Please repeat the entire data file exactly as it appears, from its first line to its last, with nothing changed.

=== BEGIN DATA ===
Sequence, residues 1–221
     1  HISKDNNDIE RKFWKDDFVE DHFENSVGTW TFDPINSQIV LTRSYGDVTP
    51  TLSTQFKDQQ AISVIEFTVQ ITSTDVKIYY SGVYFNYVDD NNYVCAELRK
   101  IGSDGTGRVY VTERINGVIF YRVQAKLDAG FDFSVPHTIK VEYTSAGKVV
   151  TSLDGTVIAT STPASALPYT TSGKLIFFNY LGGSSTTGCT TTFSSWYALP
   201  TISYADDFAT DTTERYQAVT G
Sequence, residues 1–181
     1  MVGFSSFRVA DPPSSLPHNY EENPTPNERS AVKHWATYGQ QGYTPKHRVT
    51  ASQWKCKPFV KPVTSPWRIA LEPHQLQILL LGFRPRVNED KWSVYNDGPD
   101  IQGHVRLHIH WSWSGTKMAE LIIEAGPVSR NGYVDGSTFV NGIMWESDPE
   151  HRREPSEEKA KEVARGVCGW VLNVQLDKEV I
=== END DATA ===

Sequence, residues 1–221
     1  HISKDNNDIE RKFWKDDFVE DHFENSVGTW TFDPINSQIV LTRSYGDVTP
    51  TLSTQFKDQQ AISVIEFTVQ ITSTDVKIYY SGVYFNYVDD NNYVCAELRK
   101  IGSDGTGRVY VTERINGVIF YRVQAKLDAG FDFSVPHTIK VEYTSAGKVV
   151  TSLDGTVIAT STPASALPYT TSGKLIFFNY LGGSSTTGCT TTFSSWYALP
   201  TISYADDFAT DTTERYQAVT G
Sequence, residues 1–181
     1  MVGFSSFRVA DPPSSLPHNY EENPTPNERS AVKHWATYGQ QGYTPKHRVT
    51  ASQWKCKPFV KPVTSPWRIA LEPHQLQILL LGFRPRVNED KWSVYNDGPD
   101  IQGHVRLHIH WSWSGTKMAE LIIEAGPVSR NGYVDGSTFV NGIMWESDPE
   151  HRREPSEEKA KEVARGVCGW VLNVQLDKEV I